Prime Minister Ariel Sharon could not have found a more enthusiastic supporter of his policies than Czech Prime Minister Milos Zeman.
Zeman, 57, who arrived in Israel on Saturday for a two-day official visit, is leader of the Czech Social Democratic Party and has been prime minister for four years. Yesterday, after meetings with Foreign Minister Shimon Peres and President Moshe Katsav, Zeman dined with Sharon.
In an interview with Ha'aretz, the Czech leader said he had not come to Israel to promote business, but to express a sense of solidarity between two small countries. "We share a common fate," he said. "You, the Jews, were the first stage - that of the Holocaust - in the Nazi plan. The extermination of the Czech nation was supposed to have taken place in the second stage."
Without much use for diplomatic niceties, Zeman drew a parallel between Adolf Hitler and Palestinian Authority Chairman Yasser Arafat: "At the time, Hitler was the biggest terrorist in the world. Then, there was no call to conduct negotiations with him, just as today negotiations should not be conducted with terrorists," he said.
Are you comparing the head of the PA to Hitler?
"Of course. Indeed, it is not my duty to pass judgment on Arafat, but anyone who supports terrorism, anyone who sees terrorism as a legitimate means, anyone who uses terrorism that causes the death of innocent people is a terrorist in my eyes. The same goes for someone who finances terrorism."
About a week ago, Zeman elicited an angry reaction from Edmund Stoiber, the leader of the conservative opposition in Germany, by justifying the deportation of 3.5 million Germans from Czechoslovakia after World War II. Zeman said that before and during the war, the German residents of his country had been Hitler's "fifth column."
Based on this same reasoning, should Israel carry out a transfer of the Palestinians?
"The expulsion of the Germans ... was a direct result of World War II. Before the war, the leaders of Czechoslovakia and the world should not have conducted negotiations with the German leaders ... and with Hitler to try to appease them. We should have said to them in English `Take it or leave it;' in other words, accept the proposal or you will be expelled."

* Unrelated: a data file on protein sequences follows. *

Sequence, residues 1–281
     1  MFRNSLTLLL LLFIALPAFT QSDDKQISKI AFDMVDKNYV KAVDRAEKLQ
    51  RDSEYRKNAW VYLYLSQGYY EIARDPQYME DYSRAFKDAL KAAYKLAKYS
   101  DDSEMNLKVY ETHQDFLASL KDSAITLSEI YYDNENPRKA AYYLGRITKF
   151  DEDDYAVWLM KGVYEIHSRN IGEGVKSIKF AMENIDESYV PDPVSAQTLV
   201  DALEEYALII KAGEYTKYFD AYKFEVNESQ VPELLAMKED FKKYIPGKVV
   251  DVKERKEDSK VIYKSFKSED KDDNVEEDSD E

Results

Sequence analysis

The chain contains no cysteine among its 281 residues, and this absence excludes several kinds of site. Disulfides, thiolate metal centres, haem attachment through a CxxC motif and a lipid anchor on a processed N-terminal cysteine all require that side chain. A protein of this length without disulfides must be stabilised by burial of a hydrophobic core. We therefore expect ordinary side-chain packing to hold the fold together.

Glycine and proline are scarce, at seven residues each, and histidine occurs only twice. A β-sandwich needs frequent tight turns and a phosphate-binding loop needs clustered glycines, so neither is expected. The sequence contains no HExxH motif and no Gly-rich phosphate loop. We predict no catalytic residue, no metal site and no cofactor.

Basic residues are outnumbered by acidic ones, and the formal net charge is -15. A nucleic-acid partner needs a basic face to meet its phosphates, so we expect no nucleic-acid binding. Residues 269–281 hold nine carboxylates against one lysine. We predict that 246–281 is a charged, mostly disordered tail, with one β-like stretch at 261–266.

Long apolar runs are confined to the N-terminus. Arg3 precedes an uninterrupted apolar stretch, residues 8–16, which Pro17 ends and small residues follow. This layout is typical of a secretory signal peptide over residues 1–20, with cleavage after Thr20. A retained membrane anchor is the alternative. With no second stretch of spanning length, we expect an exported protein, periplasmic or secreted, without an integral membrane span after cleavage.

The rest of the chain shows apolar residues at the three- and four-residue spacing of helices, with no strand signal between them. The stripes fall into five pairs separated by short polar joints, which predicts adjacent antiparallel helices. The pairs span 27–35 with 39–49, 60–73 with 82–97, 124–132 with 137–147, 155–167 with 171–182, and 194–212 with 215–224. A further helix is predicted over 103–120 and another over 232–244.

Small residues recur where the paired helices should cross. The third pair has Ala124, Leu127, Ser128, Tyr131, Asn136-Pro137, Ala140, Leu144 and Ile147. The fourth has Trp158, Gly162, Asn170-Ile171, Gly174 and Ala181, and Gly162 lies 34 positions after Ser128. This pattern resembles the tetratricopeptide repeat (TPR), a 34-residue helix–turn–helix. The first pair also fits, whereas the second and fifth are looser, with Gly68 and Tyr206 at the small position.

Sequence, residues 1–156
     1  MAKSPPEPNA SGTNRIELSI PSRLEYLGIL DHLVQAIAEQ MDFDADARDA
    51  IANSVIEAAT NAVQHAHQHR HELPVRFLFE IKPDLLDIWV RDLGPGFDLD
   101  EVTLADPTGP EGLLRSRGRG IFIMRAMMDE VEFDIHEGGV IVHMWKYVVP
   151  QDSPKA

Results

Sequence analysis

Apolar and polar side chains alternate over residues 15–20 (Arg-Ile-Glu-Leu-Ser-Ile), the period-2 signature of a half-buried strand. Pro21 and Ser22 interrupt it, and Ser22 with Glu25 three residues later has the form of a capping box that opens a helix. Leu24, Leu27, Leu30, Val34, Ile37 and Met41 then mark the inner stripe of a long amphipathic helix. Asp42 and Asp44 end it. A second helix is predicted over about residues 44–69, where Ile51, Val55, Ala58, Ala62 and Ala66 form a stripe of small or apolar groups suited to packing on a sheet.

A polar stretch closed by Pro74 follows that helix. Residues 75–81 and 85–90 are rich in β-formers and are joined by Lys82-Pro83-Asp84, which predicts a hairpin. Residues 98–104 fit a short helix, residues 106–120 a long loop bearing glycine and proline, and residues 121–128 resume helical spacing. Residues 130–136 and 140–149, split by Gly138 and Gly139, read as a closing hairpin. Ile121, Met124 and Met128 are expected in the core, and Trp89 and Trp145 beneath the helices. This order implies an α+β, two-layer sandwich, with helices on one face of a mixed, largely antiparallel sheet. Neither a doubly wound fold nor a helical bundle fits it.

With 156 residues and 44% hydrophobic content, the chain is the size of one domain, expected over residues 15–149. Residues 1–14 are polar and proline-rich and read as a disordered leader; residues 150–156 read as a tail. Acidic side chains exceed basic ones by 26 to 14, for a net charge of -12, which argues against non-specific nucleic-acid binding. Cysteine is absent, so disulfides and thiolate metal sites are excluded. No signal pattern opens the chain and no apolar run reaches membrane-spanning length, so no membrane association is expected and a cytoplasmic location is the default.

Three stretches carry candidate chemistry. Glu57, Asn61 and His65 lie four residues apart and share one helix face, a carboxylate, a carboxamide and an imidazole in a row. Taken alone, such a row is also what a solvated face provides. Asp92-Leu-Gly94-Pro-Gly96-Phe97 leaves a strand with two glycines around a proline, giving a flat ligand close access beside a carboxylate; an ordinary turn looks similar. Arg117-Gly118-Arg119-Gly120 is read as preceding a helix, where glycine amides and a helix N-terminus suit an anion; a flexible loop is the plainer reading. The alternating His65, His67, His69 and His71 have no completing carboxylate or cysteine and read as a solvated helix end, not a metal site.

And what should Israel say to the Palestinian?
"The same: `Take it or leave it.'"
Zeman found another common factor between Israel and his country - the condemnation of Joerg Haider, the leader of Austria's far-right Freedom Party. The Czech Republic was one of the only other countries in the world, aside from Israel, to boycott Haider, who Zeman described last week as "a post-fascist leader."
Although Zeman defined his visit to Israel as one of solidarity, the Czech leader will also try to promote cooperation between the two countries, noting that the ties between the intelligence services of Israel and the Czech Republic are excellent. Zeman added that his country would like the Israel Air Force to purchase the Czech training aircraft, the LR-159, while the Czechs were considering upgrading their helicopters in Israel.
Zeman also hopes to see an expansion of the limited trade between Israel and the Czech Republic that totaled $88 million last year. In 2001, Israel imported goods and raw materials valued at $54 million from the Czech Republic, while Israeli exports to the republic amounted to $34 million. Zeman also wants Israel to increase its investments in infrastructure in the Czech Republic.
Israel also makes some contribution toward Czech tourism, one of the republic's main industries - 200,000 Israelis visited the Czech Republic in 2000.
Zeman can perhaps afford the luxury of being so blunt in his comments, unlike more run-of-the-mill statesmen - he has already announced he is retiring from politics. The Czech Republic will hold elections in four months, and Zeman has said he will not stand for the post of prime minister.
"I am not addicted to politics - only to cigarettes," he said, taking one from his packet.